15 October, Friday — Left with Nothing but Me

Oct 15 – Memorial for St. Teresa of Jesus, Virgin and Doctor

Also known as Teresa of Avila, Teresa of Jesus (1515–1582) was born to the Spanish nobility, the daughter of Don Alonso Sanchez de Cepeda and Dona Beatriz. She grew up reading the lives of the saints, and playing at ‘hermit’ in the garden.

Crippled by disease in her youth, which led to her being well educated at home, she was cured after prayer to St. Joseph. Her mother died when she was 12, and Teresa prayed to Our Lady to be her replacement. Her father opposed her entry into religious life, so she left home without telling anyone, and entered a Carmelite house at 17. Seeing her conviction to her call, her father and family consented.

Soon after taking her vows, Teresa became gravely ill, and her condition was aggravated by the inadequate medical help she received; she never fully recovered her health. She began receiving visions, and was examined by Dominicans and Jesuits, including St. Francis Borgia, who pronounced her visions to be holy and true.

She considered her original house too lax in its rule, so she founded a reformed convent of St. John of Avila. She founded several houses, often against fierce opposition from local authorities. She was a mystical writer, and proclaimed a Doctor of the Church on 27 September 1970 by Pope Paul VI. She is known for ‘holy wit’.

“God, deliver me from sullen saints.” – St. Teresa of Avila

– Patron Saint Index

Rm 4:1-8
Lk 12:1-7

If a man has work to show, his wages are not considered as favour but as his due.

There was a time when I thought that I could work my way to obtaining a favour from God. I would pray Novenas with the thought that if I completed the nine days of prayer, that would be enough in exchange for what I was asking for. I would stress over saying those prayers as perfectly as I could to obtain maximum results.

Looking at our society, I don’t think it’s surprising if many of us fall into this trap. Internationally, we strive for meritocracy. We give awards based on the level of impact of one’s work. We promote people who work hard and produce results. At homes where we form our values, some kids learn early on (even if it was not the intention of their parents) that to get affection, they must be the perfect child. As a result, we feel that we must earn God’s love.

Towards God, there is really nothing we can boast of. Everything in our being came from God. All the atoms that make up our body, all that our body needs to survive, and even our souls came from God. There is nothing that we own that is not on loan from God.

For years, I have been struggling with this thought. After all, I have a pretty decent achievement record. But God has been patiently teaching me that he has a bigger gift for me. It’s a gift bigger that I can even imagine, and it’s something that I won’t be able to work for.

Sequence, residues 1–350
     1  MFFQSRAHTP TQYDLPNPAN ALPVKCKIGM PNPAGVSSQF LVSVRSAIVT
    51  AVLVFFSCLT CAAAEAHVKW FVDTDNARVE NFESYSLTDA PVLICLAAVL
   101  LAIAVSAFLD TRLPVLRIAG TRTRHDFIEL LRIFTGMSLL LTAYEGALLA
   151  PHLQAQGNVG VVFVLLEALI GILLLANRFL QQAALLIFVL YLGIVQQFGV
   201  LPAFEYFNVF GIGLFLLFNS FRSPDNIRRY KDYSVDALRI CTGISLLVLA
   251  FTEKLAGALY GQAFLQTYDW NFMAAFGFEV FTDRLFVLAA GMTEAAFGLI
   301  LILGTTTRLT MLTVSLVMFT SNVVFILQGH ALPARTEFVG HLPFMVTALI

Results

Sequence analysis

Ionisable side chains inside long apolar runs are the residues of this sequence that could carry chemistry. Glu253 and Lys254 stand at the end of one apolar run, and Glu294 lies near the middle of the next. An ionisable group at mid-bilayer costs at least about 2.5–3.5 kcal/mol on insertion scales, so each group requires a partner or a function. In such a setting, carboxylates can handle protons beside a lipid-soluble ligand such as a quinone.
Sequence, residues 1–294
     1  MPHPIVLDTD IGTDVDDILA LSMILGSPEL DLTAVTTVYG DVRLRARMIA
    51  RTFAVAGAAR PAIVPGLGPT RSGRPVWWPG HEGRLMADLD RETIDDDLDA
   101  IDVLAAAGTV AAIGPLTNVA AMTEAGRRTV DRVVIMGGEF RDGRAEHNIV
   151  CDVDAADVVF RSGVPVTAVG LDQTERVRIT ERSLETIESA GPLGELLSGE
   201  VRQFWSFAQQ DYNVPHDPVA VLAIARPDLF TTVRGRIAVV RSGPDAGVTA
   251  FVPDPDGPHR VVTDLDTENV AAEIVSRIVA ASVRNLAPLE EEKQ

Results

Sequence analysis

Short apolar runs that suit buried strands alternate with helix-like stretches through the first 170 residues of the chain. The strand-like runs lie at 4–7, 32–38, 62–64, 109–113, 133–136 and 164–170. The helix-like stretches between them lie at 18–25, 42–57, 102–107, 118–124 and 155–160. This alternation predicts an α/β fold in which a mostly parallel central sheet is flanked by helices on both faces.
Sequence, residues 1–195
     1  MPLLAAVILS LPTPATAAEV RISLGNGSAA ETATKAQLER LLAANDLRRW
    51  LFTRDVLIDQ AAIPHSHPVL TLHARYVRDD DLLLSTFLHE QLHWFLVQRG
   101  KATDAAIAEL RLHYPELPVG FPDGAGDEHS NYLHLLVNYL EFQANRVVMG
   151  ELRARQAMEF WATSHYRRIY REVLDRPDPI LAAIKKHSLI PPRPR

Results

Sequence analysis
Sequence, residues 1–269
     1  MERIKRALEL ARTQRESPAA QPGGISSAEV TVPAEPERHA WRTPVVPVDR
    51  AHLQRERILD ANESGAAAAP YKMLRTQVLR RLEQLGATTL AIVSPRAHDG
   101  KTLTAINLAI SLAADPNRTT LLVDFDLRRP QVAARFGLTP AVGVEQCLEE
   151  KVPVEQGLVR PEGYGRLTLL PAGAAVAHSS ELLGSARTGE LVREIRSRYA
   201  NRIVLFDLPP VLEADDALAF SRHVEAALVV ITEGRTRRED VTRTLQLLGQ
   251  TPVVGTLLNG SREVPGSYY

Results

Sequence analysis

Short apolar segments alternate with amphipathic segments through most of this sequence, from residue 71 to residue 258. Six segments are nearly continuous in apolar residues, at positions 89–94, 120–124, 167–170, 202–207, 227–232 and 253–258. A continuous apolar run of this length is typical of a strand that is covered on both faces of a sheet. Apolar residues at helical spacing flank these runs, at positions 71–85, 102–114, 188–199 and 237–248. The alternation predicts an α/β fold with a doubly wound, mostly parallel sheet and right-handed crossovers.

I learned from St Therese of Lisieux that even if I was the tiniest, most unnoticeable flower, God will still be delighted in me because God loves me as me. And even if I didn’t have faith, God will still love me because I’m me. Even if God is hurt with my unfaithfulness, he will still choose to love me through the pain he is feeling.

The souls who end up in Hell are eternally separated from God. Most of the time, we focus on how those souls suffer because of their eternal separation from God. And God wants to unite us all to him, but these souls will be forever away from him. I haven’t checked the Catechism on this but I guess that even after the Second Coming of Christ — and we who are destined to be with God in heaven are already in heaven — God will still ache eternally for His children who were separated eternally from Him, because God will continue to love them. So while the souls who are in heaven will experience eternal joy, God will still experience an eternal sadness.

I pray that this thought that God loves me so much, even if I have nothing to offer God, and the thought that God loves me so much he is willing to allow the chance for him to be eternally sad should my soul end up in hell, will stir in my heart a greater love for him.

(Today’s OXYGEN by Stephanie Villa)

Prayer: Dearest Lord, please instil in my heart a great love for you. Help me approach you as a child who knows I have nothing to offer you but my choice to love you and have faith in you.

Thanksgiving: Thank you Lord, for your eternal and faithful love for me.  


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